Last modified: 2004-12-29 by santiago dotor
Keywords: schleswig-holstein | kreis steinburg | steinburg county | coat of arms (castle) | coat of arms: inescutcheon |
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3:5 | stripes 1+6+1 ?
by Stefan Schwoon
Flag adopted 20th August 1957, coat-of-arms adopted 30th July 1928
The relation of the flags of Dithmarschen and Steinburg with the former royal Danish arms [shown at Arnaud Bunel's Héraldique Européenne website] is not surprising since these areas were in the possesion of the Danish king for a long time, and the royal Danish arms featured the arms of Holstein, Stormarn and Dithmarschen.
Stormarn is one of the historical quarters of Holstein (the others being Dithmarschen, Wagrien, and Holstein proper). Stormarn occupied the southern part of the land, including Hamburg. In 1322 it was divided, and only the eastern part remained. So I suppose that Steinburg was originally a part of Stormarn, and the inclusion of the Stormarn arms (the swan) is a reminder of that. The present-day Stormarn county [Kreis Stormarn] lies to the north and north-east of Hamburg, seat in Bad Oldesloe.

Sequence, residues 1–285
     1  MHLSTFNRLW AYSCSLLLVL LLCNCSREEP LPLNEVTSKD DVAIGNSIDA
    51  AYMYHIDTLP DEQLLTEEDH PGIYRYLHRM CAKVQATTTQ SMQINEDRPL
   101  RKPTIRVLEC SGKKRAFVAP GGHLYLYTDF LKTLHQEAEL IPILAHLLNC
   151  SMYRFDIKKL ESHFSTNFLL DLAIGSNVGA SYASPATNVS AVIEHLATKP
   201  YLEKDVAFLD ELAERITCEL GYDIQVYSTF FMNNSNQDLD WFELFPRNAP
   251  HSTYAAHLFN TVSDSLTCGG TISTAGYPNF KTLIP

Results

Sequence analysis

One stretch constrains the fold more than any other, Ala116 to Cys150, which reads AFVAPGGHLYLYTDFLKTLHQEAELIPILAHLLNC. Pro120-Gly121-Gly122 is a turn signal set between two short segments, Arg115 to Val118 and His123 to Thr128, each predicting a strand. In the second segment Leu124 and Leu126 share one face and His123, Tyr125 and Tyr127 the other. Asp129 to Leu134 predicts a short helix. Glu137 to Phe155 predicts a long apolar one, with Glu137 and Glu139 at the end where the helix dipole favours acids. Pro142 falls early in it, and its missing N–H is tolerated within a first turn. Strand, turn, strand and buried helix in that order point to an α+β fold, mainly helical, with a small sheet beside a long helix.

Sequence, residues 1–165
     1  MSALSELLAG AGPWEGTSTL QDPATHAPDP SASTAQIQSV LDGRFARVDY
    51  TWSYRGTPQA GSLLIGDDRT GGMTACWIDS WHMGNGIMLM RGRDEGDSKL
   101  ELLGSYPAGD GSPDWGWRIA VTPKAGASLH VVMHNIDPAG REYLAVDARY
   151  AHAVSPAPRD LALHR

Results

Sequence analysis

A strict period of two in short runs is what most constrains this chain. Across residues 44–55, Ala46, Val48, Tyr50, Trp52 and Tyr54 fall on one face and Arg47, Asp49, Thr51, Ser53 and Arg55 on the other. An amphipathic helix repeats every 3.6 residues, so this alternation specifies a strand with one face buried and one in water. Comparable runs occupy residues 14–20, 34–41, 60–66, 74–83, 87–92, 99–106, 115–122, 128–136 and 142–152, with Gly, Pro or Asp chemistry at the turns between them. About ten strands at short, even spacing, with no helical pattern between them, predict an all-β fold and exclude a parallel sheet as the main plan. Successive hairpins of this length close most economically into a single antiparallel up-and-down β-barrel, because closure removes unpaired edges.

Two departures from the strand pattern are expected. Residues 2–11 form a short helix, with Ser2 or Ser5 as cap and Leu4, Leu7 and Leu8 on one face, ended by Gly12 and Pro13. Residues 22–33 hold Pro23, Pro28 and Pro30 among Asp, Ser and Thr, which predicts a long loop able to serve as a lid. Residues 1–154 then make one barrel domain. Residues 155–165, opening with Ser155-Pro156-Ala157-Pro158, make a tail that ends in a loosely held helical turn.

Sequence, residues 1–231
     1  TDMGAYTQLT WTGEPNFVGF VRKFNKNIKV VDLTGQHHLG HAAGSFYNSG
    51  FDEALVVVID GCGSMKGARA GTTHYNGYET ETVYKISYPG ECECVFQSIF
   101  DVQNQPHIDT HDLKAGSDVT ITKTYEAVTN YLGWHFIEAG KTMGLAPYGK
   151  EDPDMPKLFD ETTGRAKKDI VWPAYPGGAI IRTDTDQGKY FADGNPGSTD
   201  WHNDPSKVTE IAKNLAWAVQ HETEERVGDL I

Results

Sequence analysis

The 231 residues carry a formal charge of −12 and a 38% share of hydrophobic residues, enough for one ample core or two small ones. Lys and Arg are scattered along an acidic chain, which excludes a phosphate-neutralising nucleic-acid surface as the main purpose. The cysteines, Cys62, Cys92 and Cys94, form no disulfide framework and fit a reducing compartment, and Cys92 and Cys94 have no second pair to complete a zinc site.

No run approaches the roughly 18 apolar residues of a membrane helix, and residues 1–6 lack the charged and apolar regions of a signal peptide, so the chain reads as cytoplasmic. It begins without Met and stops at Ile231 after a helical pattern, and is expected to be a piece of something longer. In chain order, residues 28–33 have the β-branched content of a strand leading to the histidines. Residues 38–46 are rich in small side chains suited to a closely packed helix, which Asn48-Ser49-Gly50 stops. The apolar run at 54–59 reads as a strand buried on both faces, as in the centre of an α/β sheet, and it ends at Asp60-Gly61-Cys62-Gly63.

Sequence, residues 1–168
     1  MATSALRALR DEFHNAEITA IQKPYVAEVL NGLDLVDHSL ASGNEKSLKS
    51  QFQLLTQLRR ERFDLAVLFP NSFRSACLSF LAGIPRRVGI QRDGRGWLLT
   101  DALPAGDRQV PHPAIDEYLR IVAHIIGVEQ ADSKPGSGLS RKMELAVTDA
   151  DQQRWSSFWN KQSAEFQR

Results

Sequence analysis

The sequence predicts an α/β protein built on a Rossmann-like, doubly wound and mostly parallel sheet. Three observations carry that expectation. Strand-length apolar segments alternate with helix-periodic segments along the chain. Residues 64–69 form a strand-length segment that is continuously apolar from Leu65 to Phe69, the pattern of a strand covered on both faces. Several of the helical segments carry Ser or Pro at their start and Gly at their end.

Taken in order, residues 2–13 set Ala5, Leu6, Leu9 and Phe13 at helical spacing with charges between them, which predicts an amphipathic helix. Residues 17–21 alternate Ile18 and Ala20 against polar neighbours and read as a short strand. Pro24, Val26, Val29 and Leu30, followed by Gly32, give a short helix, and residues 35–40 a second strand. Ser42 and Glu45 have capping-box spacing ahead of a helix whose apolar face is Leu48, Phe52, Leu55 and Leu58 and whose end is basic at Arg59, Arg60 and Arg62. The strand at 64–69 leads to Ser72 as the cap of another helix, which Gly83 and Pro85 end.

Stefan Schwoon, 5 February 2001
Stormarn was divided 1322 between two branches of the counts of Holstein. The part that was split off was the Lordship of Pinneberg (Herrschaft Pinneberg) which was probably the seed for today's Pinneberg county. Hamburg gradually became a de facto independent city at the time. Hamburg's territory was enlarged in 1937 at the cost of Stormarn county.
Stefan Schwoon, 9 February 2001
My illustration above is not based on official records, but on this image. Still, it looks like a plausible flag. Proportion of the stripes seems to be 1:6:1. Adopted 20.08.1957, according to Dirk Schönberger's Administrative Divisions of the World website. Larger image and meaning of arms at Ralf Hartemink's International Civic Arms website.
Stefan Schwoon, 31 January 2001
From Ralf Hartemink's International Civic Arms website:
The arms were granted on July 30, 1928. The county is named after the castle Steinburg built before 1307. It was the seat of the governor of the Amt Steinburg, one of the territories in Holstein. The three small shields represent the three old districts in the Amt Steinburg. The image of Christ is taken from the seal of the Wilstermarsch district, the Nesselblatt [nettle leaf] is the arms of Holstein, the swan is taken from the Krempermarsch district. The waves indicate that the Steinburg was a so-called water castle, a castle surrounded by canals, and, at the same time, represent the Elbe river.
Literature: Stadler 1964-1971 and Reissmann 1997.
Santiago Dotor, 23 October 2001